For the state estimation of nonlinear systems, shortly after the original publication of Rudolf Kalman, a variant was published by Kalman himself which allows the application of the Kalman filter also for nonlinear systems. Here, the nonlinear system is linearized at the current estimated value. For this the equations must be derived analytically. This procedure was for many years the solution for the nonlinear systems which occur more frequently in practice. An essential disadvantage of this method is that the filter can diverge easily since the estimated value does not correspond to the actual state and thus is always linearized at the wrong place. In the case of unfavorable nonlinearities, the estimated value diverges and thus linearization is performed at an even more incorrect position. This leads after some steps fast to a complete divergence.

The famous publication of Simon J. Julier and Jeffrey K. Uhlmann approached the problem of estimating nonlinear systems differently [1]. It is based on the idea not to linearize the involved functions, since they are known exactly. Rather, a procedure must be used to choose points that can be sent through the nonlinear functions and then reassemble the results so that they can be worked with. This method went down in history with the name Unscented Transformation and the filter belonging to it has become world-famous as Unscented Kalman Filter (UKF).

Unscented Transformation

It results in the following calculation rules for the sigma points. For \( i=0,1,…,n_x \) with \( \text{dim}( \mathbf{x} ) = n_x \) the sigma points are

\[ \mathcal{X}^{(0)}(k-1) = \mathbf{x}(k-1|k-1) ,\]

\[ \mathcal{X}^{(i)}(k-1) = \mathbf{x}(k-1|k-1) + \sqrt{\frac{n_x}{1 - W_0}} \bigl(\mathbf{P}^{\frac{1}{2}}(k-1|k-1)\bigl)_i , \]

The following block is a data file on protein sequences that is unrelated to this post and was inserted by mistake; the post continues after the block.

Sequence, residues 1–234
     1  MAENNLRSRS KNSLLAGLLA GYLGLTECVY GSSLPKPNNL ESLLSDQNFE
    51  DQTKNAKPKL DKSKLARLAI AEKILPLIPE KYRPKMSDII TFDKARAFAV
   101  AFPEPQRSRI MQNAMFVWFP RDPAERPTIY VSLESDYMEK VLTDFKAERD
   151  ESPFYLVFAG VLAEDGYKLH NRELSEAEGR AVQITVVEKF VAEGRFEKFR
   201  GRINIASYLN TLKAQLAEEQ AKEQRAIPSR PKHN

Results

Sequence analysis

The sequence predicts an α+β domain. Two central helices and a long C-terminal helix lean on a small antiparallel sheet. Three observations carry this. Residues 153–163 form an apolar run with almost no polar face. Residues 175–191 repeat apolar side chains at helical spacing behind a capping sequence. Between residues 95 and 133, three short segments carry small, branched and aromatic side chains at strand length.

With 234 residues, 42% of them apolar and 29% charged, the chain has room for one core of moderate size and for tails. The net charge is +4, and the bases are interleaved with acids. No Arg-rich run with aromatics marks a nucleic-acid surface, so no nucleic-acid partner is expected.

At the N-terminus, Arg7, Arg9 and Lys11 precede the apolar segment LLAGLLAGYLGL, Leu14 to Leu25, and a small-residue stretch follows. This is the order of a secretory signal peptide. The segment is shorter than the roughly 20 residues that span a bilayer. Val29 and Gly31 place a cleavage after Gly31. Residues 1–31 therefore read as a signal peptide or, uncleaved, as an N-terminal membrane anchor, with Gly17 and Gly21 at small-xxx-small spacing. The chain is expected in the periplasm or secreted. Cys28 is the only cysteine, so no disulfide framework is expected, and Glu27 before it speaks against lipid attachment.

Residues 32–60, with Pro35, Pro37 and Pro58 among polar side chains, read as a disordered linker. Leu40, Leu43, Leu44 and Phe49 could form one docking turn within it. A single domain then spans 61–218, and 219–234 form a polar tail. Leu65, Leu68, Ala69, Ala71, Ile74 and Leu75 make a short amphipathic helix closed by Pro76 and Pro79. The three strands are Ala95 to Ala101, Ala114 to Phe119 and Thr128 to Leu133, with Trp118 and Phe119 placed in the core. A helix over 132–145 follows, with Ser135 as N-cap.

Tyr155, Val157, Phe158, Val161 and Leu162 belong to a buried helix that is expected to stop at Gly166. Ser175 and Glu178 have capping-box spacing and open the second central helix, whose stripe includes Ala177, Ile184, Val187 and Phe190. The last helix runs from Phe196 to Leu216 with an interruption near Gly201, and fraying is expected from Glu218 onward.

\[ \mathcal{X}^{(i+n_x)}(k-1) = \mathbf{x}(k-1|k-1) - \sqrt{\frac{n_x}{1 - W_0}} \bigl(\mathbf{P}^{\frac{1}{2}}(k-1|k-1)\bigl)_i \]

where the parenthesis \( \bigl( \cdot \bigl)_i \) indicates that the i-column of the matrix is to be used. The corresponding weight is computed with

\[ W_i = \frac{1-W_0}{2n_x} .\]

Subsequently, the sigma points \( \mathcal{X} \) are used to be sent through the (nonlinear) function \( \mathbf{f} \) and by means of the weights \( W_i \) to calculate the first central moment

\[ \mathbf{x}(k|k-1) = \sum^{2n_x}_{i=1} \mathbf{f}(\mathcal{X}^{(i)}(k-1)) W_i .\]

The predicted covariance matrix of the predicted state results insignificantly different with additive addition of the process noise

\[ \mathbf{P}(k|k-1) = \sum^{2n_x}_{i=1} \bigl( \mathbf{f}(\mathcal{X}^{(i)}(k-1))-\mathcal{x}(k|k-1) \bigl) \bigl( \mathbf{f}(\mathcal{X}^{(i)}(k-1))-\mathcal{x}(k|k-1) \bigl)^T W_i + \mathbf{Q}_d(k-1) .\]

For the correction step, another set of sigma points must be calculated from the predicted state \( \mathbf{x}(k|k-1) \) and the predicted covariance \( \mathbf{P}(k|k-1) \),

\[ \mathcal{X}^{(0)}(k) = \mathbf{x}(k|k-1) ,\]

\[ \mathcal{X}^{(i)}(k) = \mathbf{x}(k|k-1) + \sqrt{\frac{n_x}{1-W_0}} \bigl(\mathbf{P}^{\frac{1}{2}}(k|k-1)\bigl)_i \]


\[ \mathcal{X}^{(i+n_x)}(k) = \mathbf{x}(k|k-1) - \sqrt{\frac{n_x}{1-W_0}} \bigl(\mathbf{P}^{\frac{1}{2}}(k|k-1)\bigl)_i .\]

To perform the correction step, the measurement vector must be predicted

\[ \mathbf{y}(k|k-1) = \sum^{2n_x}_{i=1} \mathbf{h}(\mathcal{X}^{(i)}(k)) W_i .\]

With the help of the intermediate variables, cross covariance

\[ \mathbf{P}_{xy}(k|k-1) = \sum^{2n_x}_{i=1} \bigl( \mathcal{X}^{(i)}(k) - \mathbf{x}(k|k-1) \bigl) \bigl( \mathbf{h}(\mathcal{X}^{(i)}(k)) - \mathbf{y}(k|k-1) \bigl)^T W_i \]

and innovation

\[ \mathbf{S}(k|k-1) = \sum^{2n_x}_{i=1} W_i \bigl( \mathbf{h}(\mathcal{X}^{(i)}(k))- \mathbf{y}(k|k-1) \bigl) \bigl( \mathbf{h}(\mathcal{X}^{(i)}(k))- \mathbf{y}(k|k-1) \bigl)^T + \mathbf{R}(k) \]

the state

\[ \mathbf{x}(k|k) = \mathbf{x}(k|k-1) + \mathbf{P}_{xy}(k|k-1) \mathbf{S}(k|k-1)^{-1} (\mathbf{y}(k) - \mathbf{y}(k|k-1) ) \]

and covariance

\[ \mathbf{P}(k) = \mathbf{P}(k|k-1) - \mathbf{P}_{xy}(k|k-1) \mathbf{S}(k|k-1)^{-1} \mathbf{P}_{xy}(k|k-1)^T \]

can be updated.


The Unscented Transformation is fascinating and is a fundamental contribution to the use of deterministic methods for state estimation of nonlinear systems. A major disadvantage of the UKF that there is a tuning parameter with W.


[1] Julier, Simon J.; Uhlmann, Jeffrey K. (1997). “New extension of the Kalman filter to nonlinear systems” (PDF). In Kadar, Ivan (ed.). Signal Processing, Sensor Fusion, and Target Recognition VI. Proceedings of SPIE. Vol. 3. pp. 182–193.